"Hey! Get out of our way!"

He didn't hear it, although it had been unnecessarily shouted.


"He won't get out of our way!"

He continued to make those soft motor noises, while carefully watching his truck go through its machinations.  Finally, one boy leaned right down into his face and said, "You better move or I'll be mad at you!"

His bliss was broken then. He looked at the children lined up on their vehicles waiting for him to make way.

I probably should have stayed out of it still, but I said to the boy who had threatened his anger, "I think it works better to ask people politely."

He relaxed his eyebrows, "Will you move, please?"

There was a long moment as this question hung. Finally the boy with the imaginary truck responded by scooting backwards a bit.

As the children filed past, each of them said, "Thank you," as a kind of toll.

Somehow in this process the boy wound up in sole possession of one of the coveted "real" vehicles, although he had never asked for it, and had, in fact, only laid a hand on it to move it out of the way as well. He sat back with it in his lap, not possessing it, but merely being with it. I'm certain that had another child asked for it, he would have handed it over as easily as it came to him.

And that's how we all achieved nirvana, a place where trucks are exactly as plentiful as they need to be.

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Tuesday, February 23, 2016

Wasting Away Again In Margaritaville

Last week, we had week away from school for what's called Mid-Winter Break. It falls between the winter holiday and spring breaks. I believe it is, if not unique to our area, at least a special feature of school calendars in the Pacific Northwest. It used to be a yearly luxury, a chance in the midst of our long dreary season for families with the wherewithal to get away to the sun or snow without the crowds, but lately the public schools have switched to alternating annually between a full week off and a four-day weekend. I reckon that means it's on its way out, which would be too bad.

I enjoyed a "staycation," but many of the school's families took advantage. During circle time, B shared with us that she had gone to California with her family, far enough south apparently that there had been sunshine and beach time. She told us in great detail about her hotel.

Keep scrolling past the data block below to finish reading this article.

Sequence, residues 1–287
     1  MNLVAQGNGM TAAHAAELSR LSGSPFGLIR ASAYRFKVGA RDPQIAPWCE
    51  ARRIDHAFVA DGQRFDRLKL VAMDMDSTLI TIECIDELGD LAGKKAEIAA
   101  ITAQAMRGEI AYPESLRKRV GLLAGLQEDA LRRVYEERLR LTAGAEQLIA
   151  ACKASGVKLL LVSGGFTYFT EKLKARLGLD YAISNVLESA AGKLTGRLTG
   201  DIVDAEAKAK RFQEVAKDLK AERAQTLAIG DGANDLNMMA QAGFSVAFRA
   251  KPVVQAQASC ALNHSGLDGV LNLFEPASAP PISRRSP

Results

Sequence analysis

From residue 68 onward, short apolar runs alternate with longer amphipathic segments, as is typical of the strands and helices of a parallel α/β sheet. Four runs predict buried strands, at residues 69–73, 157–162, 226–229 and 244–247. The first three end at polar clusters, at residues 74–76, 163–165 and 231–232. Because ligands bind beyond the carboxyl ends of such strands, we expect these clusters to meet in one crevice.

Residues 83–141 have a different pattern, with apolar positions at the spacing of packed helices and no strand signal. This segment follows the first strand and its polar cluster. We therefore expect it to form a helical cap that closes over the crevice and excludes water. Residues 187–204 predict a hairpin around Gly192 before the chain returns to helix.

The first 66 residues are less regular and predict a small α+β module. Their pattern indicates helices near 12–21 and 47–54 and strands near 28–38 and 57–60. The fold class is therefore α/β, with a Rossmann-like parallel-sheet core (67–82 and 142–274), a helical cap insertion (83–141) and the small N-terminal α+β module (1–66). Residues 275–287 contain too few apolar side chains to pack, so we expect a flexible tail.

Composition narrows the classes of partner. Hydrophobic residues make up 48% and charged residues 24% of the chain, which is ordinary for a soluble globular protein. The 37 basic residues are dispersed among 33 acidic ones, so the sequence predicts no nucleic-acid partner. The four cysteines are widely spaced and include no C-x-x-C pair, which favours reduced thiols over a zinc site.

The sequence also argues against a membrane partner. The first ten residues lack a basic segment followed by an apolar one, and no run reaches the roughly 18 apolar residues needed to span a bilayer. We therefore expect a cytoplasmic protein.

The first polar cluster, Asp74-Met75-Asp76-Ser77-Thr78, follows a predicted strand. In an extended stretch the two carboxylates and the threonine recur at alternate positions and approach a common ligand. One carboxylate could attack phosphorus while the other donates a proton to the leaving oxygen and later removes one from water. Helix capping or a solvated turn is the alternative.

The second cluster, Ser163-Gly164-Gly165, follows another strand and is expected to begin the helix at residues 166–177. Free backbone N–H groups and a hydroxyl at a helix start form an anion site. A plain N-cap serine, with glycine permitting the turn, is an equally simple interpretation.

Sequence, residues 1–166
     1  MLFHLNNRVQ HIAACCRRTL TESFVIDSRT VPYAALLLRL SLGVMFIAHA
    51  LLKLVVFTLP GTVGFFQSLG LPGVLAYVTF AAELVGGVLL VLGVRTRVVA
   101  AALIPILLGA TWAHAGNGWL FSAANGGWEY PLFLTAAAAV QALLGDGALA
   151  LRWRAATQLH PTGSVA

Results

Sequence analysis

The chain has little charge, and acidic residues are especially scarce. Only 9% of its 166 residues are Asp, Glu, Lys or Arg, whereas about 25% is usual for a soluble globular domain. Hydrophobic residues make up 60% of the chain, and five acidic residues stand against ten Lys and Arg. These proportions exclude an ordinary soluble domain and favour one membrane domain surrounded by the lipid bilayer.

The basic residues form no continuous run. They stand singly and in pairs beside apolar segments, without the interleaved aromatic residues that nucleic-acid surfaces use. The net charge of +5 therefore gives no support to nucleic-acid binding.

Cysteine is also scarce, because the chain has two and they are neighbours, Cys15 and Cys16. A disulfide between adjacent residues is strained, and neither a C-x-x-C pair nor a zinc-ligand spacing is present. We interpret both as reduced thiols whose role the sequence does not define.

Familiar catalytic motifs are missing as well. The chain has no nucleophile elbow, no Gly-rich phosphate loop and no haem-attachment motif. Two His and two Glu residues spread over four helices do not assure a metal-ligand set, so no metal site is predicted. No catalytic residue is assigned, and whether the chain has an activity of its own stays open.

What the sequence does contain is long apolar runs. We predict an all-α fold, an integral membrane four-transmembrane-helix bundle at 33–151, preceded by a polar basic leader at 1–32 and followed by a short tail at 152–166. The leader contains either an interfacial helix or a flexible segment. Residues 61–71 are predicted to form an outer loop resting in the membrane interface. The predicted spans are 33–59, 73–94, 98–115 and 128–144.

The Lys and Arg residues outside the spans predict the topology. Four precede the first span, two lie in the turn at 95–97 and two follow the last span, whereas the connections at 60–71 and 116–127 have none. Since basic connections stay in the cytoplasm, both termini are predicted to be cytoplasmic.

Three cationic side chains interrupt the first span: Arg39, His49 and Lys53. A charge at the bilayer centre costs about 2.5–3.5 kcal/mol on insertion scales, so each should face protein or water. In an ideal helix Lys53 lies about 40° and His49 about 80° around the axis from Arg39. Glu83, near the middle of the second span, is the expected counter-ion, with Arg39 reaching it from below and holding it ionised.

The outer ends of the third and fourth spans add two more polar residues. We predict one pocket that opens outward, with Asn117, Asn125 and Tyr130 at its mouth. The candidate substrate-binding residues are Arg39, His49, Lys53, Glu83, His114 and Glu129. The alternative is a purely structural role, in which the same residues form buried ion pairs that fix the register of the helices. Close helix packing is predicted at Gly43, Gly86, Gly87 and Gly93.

Later, when I showed up in the kitchen to catch a little conversation with my friends over snack, I found B there.

"Would you like a margarita?"


She carried a paper cup to the water dispenser and filled it for me. Kids do this sort of thing all the time, although they're usually serving me pretend coffee and tea. She was careful, not wanting to spill a drop from the half-full cup as she brought it back. She sat it down on the edge of the table, out of my reach.

"What's your favorite number, Teacher Tom?"

I had worn primarily 4 and 7 during my sporting days so picked one randomly, "Four."

She then took the tongs and one-by-one counted out four cherry tomatoes, "One, two, three, four," dropping each one into the water. Now I understood why she'd not filled the cup with water, which I figured must be standing-in for the booze: she had figured out she needed to leave room for the rest of the ingredients. This was obviously not her first margarita.

She added radish slices, one-by-one, counting, "One, two, three, four." Then she took one more tomato, bit in in half, and squeezed a few drops of juice into my drink. She slid it across the table saying, "Here's your margarita, Teacher Tom. I hope you like it."

I'm not normally a fan of drinking in the middle of the day, but yesterday I made an exception, sipping it, thanking her.

She asked, "Do you feel like you're on vacation?"

"Yes, actually, I do."

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Monday, February 22, 2016

Before It's Too Late

Ninety percent of life is showing up. ~Woody Allen
Boldness has genius, power and magic in it. ~Goethe
Experience is the name we give our mistakes. ~Oscar Wilde

My birthday was on Saturday. I'm now 54 years old. It's not one of your regular milestone birthdays, but still, it's a long time, over half a century. I've lived in historic times. I should by now know most of what I'm ever going to know about life. I've still got my health. I love my work. This should be my time, baby!

Here's one thing I know: Goethe was right, there is magic in boldness. If 90 percent of life is just showing up, then I'd say another 9 percent is boldness.

Of course boldness must be formed from something; otherwise it's just brashness or, worse, its even more embarrassing cousin, braggadocio. I've found you do need at least a little genuine, deep-down confidence to pull off boldness, and that can only come from experience or out-of-this-world innate talent. Since I never discovered my world class innate talent, I've been left to rely on experience. 

I'd say that 90 percent of boldness comes from that confidence. And 90 percent of that confidence comes from experience.

And experience is the name we give our mistakes.

So, you know, show up and make some mistakes before it's too late.

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Friday, February 19, 2016

Politically Correct